And what accounts for him being at Dead Accounts? "I'm here, cheering on Katie Holmes," he replied rather gallantly. "I don't know her, but I've watched her in recent months, the way she handled herself post-divorce — a very difficult situation — and I think she showed a lot of class and style. I think it's great she came to New York with her kid, got out in public, got into a show, just got back into living. You got to respect that. It's tough enough going through a divorce as a regular person, let alone with paparazzi following you around, so I'm rootin' for her."
First-nighters included Brooke Shields; the expectant Bill Heck and Maggie Lacey ( Orphans' Home Cycle); TV's-"Lost"-and-Broadway's-found Maggie Grace (she's Madge, "the pretty one" — I'll say! — in the upcoming revival of William Inge's Picnic); John Barrett, hair stylist of the stars (Katie Holmes in particular); cosmetics CEO Bobbi Brown, makeup artist of the stars (Holmes in particular); Christian Camargo, looking like Heathcliff in bluejeans; Jessica Walter, late of Anything Goes; Sherie Rene Scott and her Everyday Rapture director, Michael Mayer (TV's "Do No Harm" pilot is directed by him); actor-director ( Checkers) Terry Kinney; TV news anchor Rosanna Scotto; soap star Louise Sorel; fashion designer Robert Verdi; character actress Patricia Conolly, busily playing a grandmother for real and turning down other roles accordingly; Hettienne Park and Lily Rabe, graduates of the Rebeck Seminar, the latter now literally knockin' 'em dead on TV's "American Horror Story" (the quality of mercy, apparently, is very strained these days); Hope Davis; playwright Marsha Norman, and a couple of New York actors from "Argo," Zeljko Ivanek and Victor Garber.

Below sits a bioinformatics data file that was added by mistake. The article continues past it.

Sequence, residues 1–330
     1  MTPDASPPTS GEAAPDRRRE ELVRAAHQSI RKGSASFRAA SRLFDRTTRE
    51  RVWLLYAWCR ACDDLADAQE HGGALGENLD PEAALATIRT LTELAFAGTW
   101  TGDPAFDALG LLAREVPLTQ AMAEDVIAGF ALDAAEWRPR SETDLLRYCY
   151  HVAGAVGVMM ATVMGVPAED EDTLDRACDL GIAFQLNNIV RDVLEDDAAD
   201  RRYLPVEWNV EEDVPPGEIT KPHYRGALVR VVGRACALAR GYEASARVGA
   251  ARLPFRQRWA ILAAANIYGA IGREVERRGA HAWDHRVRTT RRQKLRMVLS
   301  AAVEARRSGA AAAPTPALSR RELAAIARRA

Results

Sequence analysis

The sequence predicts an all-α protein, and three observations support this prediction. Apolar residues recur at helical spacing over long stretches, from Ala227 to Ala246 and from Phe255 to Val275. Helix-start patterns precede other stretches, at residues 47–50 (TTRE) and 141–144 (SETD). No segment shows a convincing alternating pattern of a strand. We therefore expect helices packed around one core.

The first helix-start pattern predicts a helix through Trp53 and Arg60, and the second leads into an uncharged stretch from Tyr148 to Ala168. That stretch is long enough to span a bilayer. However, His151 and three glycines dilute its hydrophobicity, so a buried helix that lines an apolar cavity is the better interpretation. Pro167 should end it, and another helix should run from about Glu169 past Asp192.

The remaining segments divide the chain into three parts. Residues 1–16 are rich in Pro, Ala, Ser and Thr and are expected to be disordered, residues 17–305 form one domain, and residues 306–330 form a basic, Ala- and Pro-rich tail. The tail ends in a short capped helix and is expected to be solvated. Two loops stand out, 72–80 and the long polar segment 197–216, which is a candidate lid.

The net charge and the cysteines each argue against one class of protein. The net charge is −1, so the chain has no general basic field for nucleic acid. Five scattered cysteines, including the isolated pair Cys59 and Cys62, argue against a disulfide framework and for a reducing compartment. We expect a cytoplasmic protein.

Richard Kind, who will make a sharp turn into drama this spring as the oppressive producer in Roundabout's revival of The Big Knife, is also in "Argo" and regaled his group with a line that was cut from that film because it was too funny — a snarky exchange between him, playing a hack screenwriter, and Alan Arkin, as a producer.
Kind: How's Sylvia?
Arkin: She's dead.
Kind: Oh, I'm sorry.
Arkin: Nine years ago.
Kind: I've been busy.